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Making vaccines mandatory would be a ‘regressive’ move, says trade union chief

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The general secretary of the Irish Congress of Trade Unions (ICTU) has said she wouldn’t agree with making vaccinations mandatory for workers, describing it as a “regressive move.”

Patricia King criticised the Government and the National Immunisation Advisory Committee (NIAC) for their hesitancy on offering booster vaccines to frontline staff.

However, she would not agree with making jabs compulsory for those who refuse to get the vaccine.

UK health chiefs this week indicated that they will likely make vaccinations mandatory for NHS staff amid concern over rising cases.

Speaking to Independent.ie at the ICTU biennial conference in Belfast, Ms King said the trade union movement would not like to see a similar move here.

“People and what they have to declare to their employer about their health is settled in law and personally I would like to see us avoiding anything that would injure or damage that.

“It is important we keep encouraging, keep giving information and taking the doubts away from people as best we can. We are doing this in the trade union movement, our healthcare workers do it all of the time but I think the movement would not like to see something happen that would make vaccinations mandatory.”

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Ms King also condemned the recent anti-vaccine protest held outside the home of RTÉ Liveline presenter and National Union of Journalists (NUJ) member, Joe Duffy.

“I’ve never agreed with that type of demonstration,” she said.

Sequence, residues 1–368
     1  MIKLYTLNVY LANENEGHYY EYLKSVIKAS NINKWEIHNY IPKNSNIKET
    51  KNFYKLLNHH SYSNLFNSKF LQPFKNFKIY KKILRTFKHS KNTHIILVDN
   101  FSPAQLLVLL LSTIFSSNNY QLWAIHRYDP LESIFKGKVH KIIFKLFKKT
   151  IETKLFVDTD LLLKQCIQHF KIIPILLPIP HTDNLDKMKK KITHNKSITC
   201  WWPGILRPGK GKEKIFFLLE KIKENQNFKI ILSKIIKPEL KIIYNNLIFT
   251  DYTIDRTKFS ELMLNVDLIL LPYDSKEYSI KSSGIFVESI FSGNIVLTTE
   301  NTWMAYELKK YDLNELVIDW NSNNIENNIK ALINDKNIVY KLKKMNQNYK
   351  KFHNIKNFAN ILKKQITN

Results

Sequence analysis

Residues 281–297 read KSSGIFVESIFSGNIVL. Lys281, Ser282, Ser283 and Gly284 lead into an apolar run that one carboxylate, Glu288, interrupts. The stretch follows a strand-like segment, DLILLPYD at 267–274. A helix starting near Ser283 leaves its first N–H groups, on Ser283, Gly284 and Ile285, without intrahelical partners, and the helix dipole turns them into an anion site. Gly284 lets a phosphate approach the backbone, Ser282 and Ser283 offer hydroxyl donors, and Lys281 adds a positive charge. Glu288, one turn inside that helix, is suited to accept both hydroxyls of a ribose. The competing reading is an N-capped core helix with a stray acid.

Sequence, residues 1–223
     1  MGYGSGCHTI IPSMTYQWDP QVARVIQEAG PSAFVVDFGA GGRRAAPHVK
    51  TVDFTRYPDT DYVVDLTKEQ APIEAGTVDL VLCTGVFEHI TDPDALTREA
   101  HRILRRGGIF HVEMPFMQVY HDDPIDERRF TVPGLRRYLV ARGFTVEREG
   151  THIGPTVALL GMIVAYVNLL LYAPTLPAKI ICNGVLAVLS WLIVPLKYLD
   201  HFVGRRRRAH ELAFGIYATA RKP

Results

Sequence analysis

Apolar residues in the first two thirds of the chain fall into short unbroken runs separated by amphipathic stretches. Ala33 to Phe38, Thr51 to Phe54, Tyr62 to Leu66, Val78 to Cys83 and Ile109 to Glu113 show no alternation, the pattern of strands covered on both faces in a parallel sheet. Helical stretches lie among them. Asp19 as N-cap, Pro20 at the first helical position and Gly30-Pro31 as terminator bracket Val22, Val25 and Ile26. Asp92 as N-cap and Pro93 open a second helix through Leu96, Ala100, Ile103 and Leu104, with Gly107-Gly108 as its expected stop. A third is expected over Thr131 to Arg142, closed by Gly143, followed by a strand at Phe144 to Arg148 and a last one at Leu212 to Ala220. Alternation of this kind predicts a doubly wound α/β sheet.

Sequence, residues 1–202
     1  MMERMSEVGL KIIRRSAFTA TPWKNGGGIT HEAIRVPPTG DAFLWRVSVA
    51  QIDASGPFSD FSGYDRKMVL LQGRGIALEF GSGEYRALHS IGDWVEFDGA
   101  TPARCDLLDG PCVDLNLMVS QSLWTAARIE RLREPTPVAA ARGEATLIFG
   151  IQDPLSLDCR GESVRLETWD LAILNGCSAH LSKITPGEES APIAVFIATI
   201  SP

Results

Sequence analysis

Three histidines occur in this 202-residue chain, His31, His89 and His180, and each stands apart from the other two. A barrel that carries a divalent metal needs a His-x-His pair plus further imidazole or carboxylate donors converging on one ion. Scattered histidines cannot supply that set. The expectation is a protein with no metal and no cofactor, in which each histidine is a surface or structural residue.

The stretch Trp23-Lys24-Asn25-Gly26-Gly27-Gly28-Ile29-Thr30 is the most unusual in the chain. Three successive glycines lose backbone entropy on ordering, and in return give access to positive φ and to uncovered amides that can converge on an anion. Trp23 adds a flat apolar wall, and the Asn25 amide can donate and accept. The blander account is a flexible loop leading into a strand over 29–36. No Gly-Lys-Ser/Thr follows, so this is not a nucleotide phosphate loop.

“We use the streets all the time to do our protesting, but I think targeting people on a personal level... I don’t agree with it, these people have families. I know by saying that I might be putting myself out there as a target, but you should never infringe on people’s privacy.”

Ms King said it was “disappointing” to see hospital numbers rise above 500 and the number of patients in intensive care increase to over 100.

She urged the Government to continue using remote working as an instrument to help contain the virus.

“From our point of view, productivity isn’t affected at all so my line to the Government is to continue to allow people to work from home.

“This balance between economic necessity and health and safety, that’s a very thin line which has to be traversed. The virus is hell for some people who get it, some people get seriously ill, some people die. Until we get a cure or get ourselves so vaccinated we’ve no chance of getting it, we have to do everything we can to keep safe.”

Meanwhile, Karen McGowan, president of the Irish Nurses and Midwives Organisation (INMO), said Covid-19 has had a “disastrous effect” on staffing levels.

More than 1,800 healthcare staff are currently out of work after contracting the virus

“I look forward to the day that I don’t get a WhatsApp message from colleagues begging staff to come in,” Ms McGowan said as she brought forward a motion calling for legislation on the need for safe staffing and skill mix to be implemented.

“Staff retention has never been more important than now. The delay in implementation of this policy is nothing short of sheer neglect of our staff and that of their patients. The delay in funding and roll out nationally since the evidence was presented to the government left Irish hospitals vulnerable from a staffing point of view as Covid-19 went on to decimate our already depleted rosters.”

Ms McGowan added the “neglectful action” was causing massive trauma to a workforce already wounded from the pandemic.

"The historical understaffing, moratoriums on recruitment – which we can never allow to happen again - have led to never ending pressures on existing staff to do more with less,” she said.

"We all deserve to work in a safe place and having the skilled nurse and midwife in the right place is an absolute necessity.”


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